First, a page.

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Scott Jagow: The lending business -- whatever kind of loan you can think of -- is tightening up. The latest example of this: GMAC says it'll close most of its auto-financing offices in North America this year. And its cutting close to a thousand jobs.

What does this mean for car buyers? Here's Jill Barshay.

Jill Barshay: The private equity firm that owns most of GMAC wants to cut costs. This doesn't mean you can't get a loan when you buy a General Motors car anymore.

Most people who take out a GMAC car loan never interact with the auto-finance offices. The dealer does that for you. Now, more of that back office work will be done by computers.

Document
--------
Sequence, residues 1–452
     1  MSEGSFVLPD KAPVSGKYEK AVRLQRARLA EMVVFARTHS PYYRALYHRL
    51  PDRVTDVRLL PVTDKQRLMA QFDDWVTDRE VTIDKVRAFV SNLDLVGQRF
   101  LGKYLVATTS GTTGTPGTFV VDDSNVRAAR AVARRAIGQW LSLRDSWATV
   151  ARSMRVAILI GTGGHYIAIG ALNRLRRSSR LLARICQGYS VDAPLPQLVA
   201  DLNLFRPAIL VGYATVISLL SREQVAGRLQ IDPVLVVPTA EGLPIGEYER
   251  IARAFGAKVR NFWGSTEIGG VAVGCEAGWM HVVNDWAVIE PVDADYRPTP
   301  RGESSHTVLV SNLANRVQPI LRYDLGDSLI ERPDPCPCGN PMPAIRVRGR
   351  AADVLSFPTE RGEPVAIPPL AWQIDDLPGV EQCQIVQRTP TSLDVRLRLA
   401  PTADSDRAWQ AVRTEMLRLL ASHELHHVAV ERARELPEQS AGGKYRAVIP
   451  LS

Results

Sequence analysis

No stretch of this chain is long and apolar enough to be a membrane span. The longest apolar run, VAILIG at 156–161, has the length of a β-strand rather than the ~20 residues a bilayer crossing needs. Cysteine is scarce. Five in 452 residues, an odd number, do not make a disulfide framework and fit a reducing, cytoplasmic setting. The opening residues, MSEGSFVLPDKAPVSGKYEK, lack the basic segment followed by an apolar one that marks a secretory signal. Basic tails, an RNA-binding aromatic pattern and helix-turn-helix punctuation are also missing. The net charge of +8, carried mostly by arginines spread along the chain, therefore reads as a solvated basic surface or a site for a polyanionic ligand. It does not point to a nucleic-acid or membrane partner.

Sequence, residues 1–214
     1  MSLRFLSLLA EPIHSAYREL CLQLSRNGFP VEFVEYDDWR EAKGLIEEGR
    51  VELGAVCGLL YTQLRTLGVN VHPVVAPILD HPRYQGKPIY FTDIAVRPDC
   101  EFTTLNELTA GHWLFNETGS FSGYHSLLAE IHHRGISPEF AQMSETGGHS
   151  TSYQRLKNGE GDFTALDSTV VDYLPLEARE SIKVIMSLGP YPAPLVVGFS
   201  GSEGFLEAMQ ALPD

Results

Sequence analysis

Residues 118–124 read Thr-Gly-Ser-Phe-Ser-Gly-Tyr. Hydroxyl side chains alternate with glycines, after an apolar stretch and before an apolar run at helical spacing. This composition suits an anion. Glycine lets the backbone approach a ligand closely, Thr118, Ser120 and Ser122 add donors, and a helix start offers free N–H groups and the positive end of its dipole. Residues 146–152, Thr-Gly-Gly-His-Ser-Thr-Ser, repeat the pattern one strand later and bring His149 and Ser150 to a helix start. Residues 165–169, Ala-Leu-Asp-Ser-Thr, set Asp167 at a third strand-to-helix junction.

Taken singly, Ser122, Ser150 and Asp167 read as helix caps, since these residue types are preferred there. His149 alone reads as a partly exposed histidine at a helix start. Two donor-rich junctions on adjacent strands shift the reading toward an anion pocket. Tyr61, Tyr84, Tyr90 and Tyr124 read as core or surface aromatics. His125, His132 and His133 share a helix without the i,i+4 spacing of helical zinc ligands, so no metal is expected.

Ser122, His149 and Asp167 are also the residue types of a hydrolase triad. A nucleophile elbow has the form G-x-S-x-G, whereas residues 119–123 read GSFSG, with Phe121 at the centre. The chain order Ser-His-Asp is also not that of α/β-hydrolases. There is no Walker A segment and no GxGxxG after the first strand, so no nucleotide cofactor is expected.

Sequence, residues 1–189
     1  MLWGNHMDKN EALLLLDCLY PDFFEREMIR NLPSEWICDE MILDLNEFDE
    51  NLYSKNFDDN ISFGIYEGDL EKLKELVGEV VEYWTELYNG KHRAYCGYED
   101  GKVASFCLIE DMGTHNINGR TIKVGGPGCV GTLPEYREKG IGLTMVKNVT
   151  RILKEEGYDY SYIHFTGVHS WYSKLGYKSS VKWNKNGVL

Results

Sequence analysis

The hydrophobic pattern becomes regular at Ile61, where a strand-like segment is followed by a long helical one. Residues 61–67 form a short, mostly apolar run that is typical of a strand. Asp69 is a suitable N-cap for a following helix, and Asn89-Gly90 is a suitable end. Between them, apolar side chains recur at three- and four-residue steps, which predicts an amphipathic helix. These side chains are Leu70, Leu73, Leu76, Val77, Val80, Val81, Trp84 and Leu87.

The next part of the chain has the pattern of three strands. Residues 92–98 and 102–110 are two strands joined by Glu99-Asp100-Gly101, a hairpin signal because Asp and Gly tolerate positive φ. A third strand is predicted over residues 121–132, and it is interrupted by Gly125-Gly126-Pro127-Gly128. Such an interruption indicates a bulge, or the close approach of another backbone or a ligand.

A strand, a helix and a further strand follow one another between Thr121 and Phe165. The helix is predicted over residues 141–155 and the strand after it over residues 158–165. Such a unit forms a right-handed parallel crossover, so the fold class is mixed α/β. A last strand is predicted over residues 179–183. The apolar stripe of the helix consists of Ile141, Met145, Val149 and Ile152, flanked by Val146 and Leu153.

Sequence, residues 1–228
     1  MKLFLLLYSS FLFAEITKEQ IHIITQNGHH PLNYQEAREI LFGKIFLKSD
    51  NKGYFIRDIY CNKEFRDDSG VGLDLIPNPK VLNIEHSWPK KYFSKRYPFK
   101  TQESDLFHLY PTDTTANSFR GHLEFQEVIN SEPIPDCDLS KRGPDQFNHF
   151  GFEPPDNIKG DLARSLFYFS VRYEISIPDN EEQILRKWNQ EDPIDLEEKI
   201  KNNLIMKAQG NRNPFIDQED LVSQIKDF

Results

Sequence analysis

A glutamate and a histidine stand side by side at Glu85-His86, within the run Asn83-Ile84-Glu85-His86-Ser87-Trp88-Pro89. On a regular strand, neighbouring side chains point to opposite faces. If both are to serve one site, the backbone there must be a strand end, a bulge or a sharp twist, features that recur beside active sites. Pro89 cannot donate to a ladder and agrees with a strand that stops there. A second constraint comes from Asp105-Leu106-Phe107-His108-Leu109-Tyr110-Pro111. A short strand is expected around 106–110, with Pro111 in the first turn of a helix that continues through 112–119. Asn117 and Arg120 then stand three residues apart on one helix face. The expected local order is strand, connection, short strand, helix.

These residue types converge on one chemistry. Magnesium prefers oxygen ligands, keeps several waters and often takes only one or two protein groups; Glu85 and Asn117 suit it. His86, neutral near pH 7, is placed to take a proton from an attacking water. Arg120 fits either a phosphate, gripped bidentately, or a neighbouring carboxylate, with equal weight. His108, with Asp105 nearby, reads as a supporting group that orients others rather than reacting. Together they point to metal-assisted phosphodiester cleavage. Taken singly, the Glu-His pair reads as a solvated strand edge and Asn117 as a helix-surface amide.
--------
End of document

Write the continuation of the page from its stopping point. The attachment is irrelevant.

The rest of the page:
Terry Jackson tracks auto loan rates at

Terry Jackson: Because of reduction in staff, it may take a little longer to get a loan approved.

Jackson says it's already getting more difficult to get a loan from GMAC.

Jackson: They have tightened the credit standards for getting those 0 percent loans. You know, you see that phrase for well-qualified buyers. They have been moving the bar up on what qualifies as a well-qualified buyer.

People who've already got a GMAC loan shouldn't notice a big difference. For one thing, GMAC says there are no cuts planned in the department that collects your monthly payments.

I'm Jill Barshay for Marketplace.